Rewriting appraisals at the Home Office
Hannah Jordan, October 19, 2017
Chief people officer Paula Leach explains how performance management has been overhauled to ensure a focus on raising performance
Throwing out tired appraisal processes is key to enhancing the performance of any organisation, according to Home Office chief people officer Paula Leach.
Since joining the Home Office in 2014 as director of leadership, capability and change, Leach has spearheaded the organisation’s People Capability Strategy as part of its Transformation Agenda. As such she has overseen, since her appointment as CPO 18 months ago, the development and execution of a comprehensive, organisation-wide review and reinvention of its entire performance management system.
Speaking to HR magazine ahead of her talk at this year’s CIPD Conference, from 8-9 November, Leach said: “There was a lot of noise about the performance management approach that we had, which included quite a degree of what we call moderation meetings and a lot of forms to fill in.”
She added: “There were a number of issues causing concern – any performance approach has to of course be about raising performance and therefore productivity impact and how you measure your business. And I think the process had overtaken some of those outputs in our case.”
Staff engagement, said Leach, is key. And with around 16,000 of the organisation’s 30,000-strong workforce touched in some way by the review process, be it through blog feedback – which attracted around 12,500 responses – face-to-face briefings, workshops and individual and group meetings, Leach said the process of gathering information to inform the creation of a new review system was as comprehensive as it could have been.
Once assimilated, the information was used to create four proposed models for a new performance management process. Then began phase two of the engagement process, which took a Dragon’s Den format across the Home Office divisions. People were asked to advocate for the different models, give feedback and vote.
Leach said: “The process was about creating a performance culture where the accountability for enhanced performance in pursuit of the organisation's objectives was owned both by the line manager and the employee. It was about focusing on the end rather than the means. It was about fairness and inclusivity, building the organisation’s muscles through training, communication and making sure every individual was valued for what they could contribute, and that high performance was the expectation not the exception.”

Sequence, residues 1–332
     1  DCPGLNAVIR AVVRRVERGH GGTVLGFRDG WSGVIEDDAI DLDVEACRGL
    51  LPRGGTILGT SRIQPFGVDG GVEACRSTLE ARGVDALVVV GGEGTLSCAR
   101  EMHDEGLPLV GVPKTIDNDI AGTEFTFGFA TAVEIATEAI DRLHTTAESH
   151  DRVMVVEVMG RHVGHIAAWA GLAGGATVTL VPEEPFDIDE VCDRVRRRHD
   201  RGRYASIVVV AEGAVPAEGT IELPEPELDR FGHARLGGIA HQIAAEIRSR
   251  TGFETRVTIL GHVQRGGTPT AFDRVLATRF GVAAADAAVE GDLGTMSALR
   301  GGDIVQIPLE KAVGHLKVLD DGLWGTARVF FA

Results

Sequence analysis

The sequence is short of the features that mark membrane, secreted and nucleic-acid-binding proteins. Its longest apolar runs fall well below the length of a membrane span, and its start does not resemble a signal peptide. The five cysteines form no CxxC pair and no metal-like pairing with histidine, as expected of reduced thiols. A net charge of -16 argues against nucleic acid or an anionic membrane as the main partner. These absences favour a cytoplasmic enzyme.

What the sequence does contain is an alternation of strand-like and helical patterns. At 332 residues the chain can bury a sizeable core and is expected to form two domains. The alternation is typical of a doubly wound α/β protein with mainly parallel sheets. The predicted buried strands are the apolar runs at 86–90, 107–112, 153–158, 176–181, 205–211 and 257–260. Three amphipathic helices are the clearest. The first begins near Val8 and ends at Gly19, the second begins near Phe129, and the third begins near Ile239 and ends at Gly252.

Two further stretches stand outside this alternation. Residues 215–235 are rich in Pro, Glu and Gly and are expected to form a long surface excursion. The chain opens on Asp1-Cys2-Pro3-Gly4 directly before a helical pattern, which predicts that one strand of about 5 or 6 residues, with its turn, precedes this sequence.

The result is a focus on continuous feedback as opposed to traditional appraisals, upskilling managers to allow them to train and coach more effectively, and clearer and better aligned goals for individuals as part of wider teams.
Leach said: “A lot of this isn’t new but what we’ve tried to provide for people is the space to practise, the space to be vulnerable, peer networks to hold each other to account, and also to provide support and actually pay attention to the behavioural change rather than just assuming it’s all happening because we’ve launched the programme.”
She added that the importance of over-communicating and role-modelling could never be underestimated. “The process in and of itself doesn’t deliver the change,” Leach said.
She acknowledged that there was an awareness that embarking on the new approach in April this year was the start of “a good three-year cultural journey” and that the organisation was not expecting to see a huge leap in all staff experiences in the first year.
“We may even see a dip, you never know, because we’ve raised expectations so much. But the qualitative feedback so far is very strong as is the demand for learning – we’ve delivered thousands of hours of learning in the first six months – and we are seeing real enhancement in the alignment of people’s goals with their team objectives.”
At the core of any performance management approach, Leach asserted, should be the requirement for people to be capable, motivated and aligned to delivering the objectives of their organisation.
“What matters is how to get the best out of people and teams. So we need to understand what motivates and encourages people and how to create the right environment for that,” she said.